Mercatus Center scholar Charles Blahous said Tuesday that Medicare for All would cost over $60 trillion over the next decade.
Blahous testified before the House Rules Committee’s hearing on Medicare for All, which serves as the first congressional hearing on Medicare for All.
The scholar previously released a study which detailed $32 trillion over the next ten years. Sen. Bernie Sanders (I-VT) claimed that this study would save the federal government money; however, Blahous emphasized Tuesday that his study found that the $32 trillion price tag means net new federal spending on health care.
The hearing covers Reps. Pramila Jayapal’s (D-WA) and Debbie Dingell’s (D-MA) Medicare for All legislation, which Blahous suggests would cost more than Sanders’ bill because it includes provisions on long-term care benefits.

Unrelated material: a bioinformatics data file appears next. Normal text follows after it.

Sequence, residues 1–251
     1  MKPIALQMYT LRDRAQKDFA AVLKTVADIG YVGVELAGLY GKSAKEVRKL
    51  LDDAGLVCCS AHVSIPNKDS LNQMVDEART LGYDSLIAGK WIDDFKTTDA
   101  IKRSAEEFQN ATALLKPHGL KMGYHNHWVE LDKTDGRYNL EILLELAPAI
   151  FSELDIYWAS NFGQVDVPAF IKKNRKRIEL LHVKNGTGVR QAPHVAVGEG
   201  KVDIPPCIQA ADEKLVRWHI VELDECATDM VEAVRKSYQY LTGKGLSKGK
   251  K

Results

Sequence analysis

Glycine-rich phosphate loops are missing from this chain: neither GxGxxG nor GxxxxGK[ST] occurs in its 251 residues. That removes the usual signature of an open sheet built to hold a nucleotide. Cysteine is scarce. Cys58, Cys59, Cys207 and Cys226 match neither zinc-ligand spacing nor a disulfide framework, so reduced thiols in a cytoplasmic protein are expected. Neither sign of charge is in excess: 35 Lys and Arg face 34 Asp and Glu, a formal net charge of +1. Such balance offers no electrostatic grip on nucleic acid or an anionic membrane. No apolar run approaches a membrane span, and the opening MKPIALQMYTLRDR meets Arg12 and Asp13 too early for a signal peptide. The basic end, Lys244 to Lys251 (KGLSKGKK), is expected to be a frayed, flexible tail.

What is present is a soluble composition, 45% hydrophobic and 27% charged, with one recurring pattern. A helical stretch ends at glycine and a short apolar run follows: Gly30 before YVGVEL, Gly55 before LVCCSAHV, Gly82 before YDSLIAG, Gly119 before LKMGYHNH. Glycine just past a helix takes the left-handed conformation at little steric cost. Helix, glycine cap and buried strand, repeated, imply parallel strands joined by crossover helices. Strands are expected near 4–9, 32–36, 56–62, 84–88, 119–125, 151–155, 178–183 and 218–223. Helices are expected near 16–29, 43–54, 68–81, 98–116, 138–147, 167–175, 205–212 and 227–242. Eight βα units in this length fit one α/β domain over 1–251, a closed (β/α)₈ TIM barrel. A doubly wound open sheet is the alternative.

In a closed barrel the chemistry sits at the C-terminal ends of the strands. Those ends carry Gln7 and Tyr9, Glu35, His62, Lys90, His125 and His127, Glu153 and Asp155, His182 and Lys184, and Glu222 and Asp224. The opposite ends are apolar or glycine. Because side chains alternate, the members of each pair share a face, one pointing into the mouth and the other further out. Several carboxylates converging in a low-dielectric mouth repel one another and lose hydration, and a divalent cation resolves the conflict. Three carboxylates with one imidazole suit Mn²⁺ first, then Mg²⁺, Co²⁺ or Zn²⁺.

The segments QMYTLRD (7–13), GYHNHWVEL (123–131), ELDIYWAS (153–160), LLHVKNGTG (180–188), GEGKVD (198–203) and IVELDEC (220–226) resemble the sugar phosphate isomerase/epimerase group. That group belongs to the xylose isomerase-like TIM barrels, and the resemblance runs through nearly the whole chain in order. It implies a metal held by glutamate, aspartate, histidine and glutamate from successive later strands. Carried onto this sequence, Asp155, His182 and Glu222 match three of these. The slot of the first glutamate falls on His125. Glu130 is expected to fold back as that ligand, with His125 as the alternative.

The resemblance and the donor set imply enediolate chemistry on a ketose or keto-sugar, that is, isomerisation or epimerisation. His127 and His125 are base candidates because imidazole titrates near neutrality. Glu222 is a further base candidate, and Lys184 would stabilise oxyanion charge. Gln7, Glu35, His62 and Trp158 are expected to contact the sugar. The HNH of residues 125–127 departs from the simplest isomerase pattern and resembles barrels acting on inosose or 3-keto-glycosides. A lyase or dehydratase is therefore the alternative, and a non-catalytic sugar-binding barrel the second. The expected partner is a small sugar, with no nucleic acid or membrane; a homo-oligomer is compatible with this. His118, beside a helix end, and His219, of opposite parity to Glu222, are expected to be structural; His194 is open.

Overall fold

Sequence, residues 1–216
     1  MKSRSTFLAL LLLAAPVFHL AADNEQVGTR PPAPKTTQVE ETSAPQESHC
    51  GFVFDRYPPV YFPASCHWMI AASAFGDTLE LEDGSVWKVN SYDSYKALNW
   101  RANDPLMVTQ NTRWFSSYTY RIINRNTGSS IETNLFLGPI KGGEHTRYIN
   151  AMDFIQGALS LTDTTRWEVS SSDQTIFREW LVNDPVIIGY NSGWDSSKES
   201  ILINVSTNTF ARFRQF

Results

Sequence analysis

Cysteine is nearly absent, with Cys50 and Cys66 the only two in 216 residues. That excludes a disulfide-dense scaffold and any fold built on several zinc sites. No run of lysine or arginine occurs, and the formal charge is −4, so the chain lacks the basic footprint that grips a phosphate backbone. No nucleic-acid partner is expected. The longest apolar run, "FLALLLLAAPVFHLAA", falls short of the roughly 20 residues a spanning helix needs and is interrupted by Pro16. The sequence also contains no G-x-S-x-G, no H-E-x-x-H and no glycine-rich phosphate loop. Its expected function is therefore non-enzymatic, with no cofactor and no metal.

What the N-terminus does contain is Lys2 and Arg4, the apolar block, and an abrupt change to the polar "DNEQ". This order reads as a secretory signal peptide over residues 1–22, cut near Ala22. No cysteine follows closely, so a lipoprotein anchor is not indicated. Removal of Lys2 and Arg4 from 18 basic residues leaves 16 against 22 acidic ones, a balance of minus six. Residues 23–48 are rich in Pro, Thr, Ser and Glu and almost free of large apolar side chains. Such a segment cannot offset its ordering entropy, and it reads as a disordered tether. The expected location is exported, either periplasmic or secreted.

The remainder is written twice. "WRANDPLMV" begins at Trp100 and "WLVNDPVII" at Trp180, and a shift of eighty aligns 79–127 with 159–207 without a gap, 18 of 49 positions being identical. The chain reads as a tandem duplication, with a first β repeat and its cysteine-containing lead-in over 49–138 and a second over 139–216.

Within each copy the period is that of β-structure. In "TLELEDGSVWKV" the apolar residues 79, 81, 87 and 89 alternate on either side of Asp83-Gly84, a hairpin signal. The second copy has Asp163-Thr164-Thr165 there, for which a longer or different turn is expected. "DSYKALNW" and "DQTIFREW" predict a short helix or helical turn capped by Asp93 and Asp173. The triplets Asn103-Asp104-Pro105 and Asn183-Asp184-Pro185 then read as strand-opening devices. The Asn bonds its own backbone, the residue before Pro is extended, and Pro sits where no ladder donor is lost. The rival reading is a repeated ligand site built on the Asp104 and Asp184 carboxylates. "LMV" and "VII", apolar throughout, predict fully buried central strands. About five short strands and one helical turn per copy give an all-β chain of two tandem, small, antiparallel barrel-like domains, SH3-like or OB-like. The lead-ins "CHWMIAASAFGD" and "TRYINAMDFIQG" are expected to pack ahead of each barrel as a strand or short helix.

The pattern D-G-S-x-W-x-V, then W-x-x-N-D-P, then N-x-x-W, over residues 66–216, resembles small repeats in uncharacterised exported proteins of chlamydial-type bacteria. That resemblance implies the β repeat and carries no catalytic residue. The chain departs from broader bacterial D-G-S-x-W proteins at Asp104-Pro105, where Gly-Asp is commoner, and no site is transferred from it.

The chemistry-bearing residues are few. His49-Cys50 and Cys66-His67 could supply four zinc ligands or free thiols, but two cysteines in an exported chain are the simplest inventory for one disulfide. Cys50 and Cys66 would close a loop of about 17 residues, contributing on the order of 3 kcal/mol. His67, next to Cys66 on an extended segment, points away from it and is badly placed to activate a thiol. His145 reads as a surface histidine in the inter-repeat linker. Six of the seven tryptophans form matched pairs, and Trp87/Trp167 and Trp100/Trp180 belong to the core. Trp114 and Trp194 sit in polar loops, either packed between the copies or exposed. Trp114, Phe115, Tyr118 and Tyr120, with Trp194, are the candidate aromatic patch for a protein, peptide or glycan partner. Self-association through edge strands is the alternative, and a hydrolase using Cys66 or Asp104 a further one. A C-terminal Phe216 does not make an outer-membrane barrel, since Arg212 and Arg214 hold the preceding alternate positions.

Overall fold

Blahous said that the $32 trillion price tag was too conservative and that given historical spending levels on health care, net new federal spending would likely increase spending by $38.8 trillion over the next ten years and would increase federal healthcare spending to 13 to 15 percent of the Gross Domestic Product (GDP).
The Mercatus scholar also noted that the Medicare for All’s total federal spending price over the next ten years would amount to between $54.6 trillion and $60.7 trillion.
Blahous mentioned that “doubling individual and corporate income taxes would be insufficient to finance even the lower bound” of the $32.6 trillion in new federal spending.
The Democrats’ hearing on Medicare for All arises as less than one-third of Americans, or 31 percent, said that implementing a Medicare for All-style plan would amount to a “top priority.” Forty-seven percent of Democrats said that single-payer healthcare was a “top priority,” whereas only 26 percent of Independents and 14 percent of Republicans said that this policy was critical.
Further, a majority of Americans would oppose a Medicare for All proposal if it were to:
- Eliminate private health insurance (58 percent)
- Require most Americans to pay more in taxes (60 percent)
- Harm Medicare (60 percent)
- Lead to delays in medical tests and treatments (70 percent)